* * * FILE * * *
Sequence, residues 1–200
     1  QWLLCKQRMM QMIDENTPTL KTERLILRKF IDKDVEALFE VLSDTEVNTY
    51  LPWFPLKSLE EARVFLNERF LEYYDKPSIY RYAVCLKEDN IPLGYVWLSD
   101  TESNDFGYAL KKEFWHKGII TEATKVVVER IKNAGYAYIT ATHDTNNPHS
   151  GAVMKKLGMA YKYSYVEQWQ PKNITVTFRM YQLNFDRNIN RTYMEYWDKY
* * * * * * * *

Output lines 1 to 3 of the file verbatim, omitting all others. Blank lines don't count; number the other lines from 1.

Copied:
Sequence, residues 1–200
     1  QWLLCKQRMM QMIDENTPTL KTERLILRKF IDKDVEALFE VLSDTEVNTY
    51  LPWFPLKSLE EARVFLNERF LEYYDKPSIY RYAVCLKEDN IPLGYVWLSD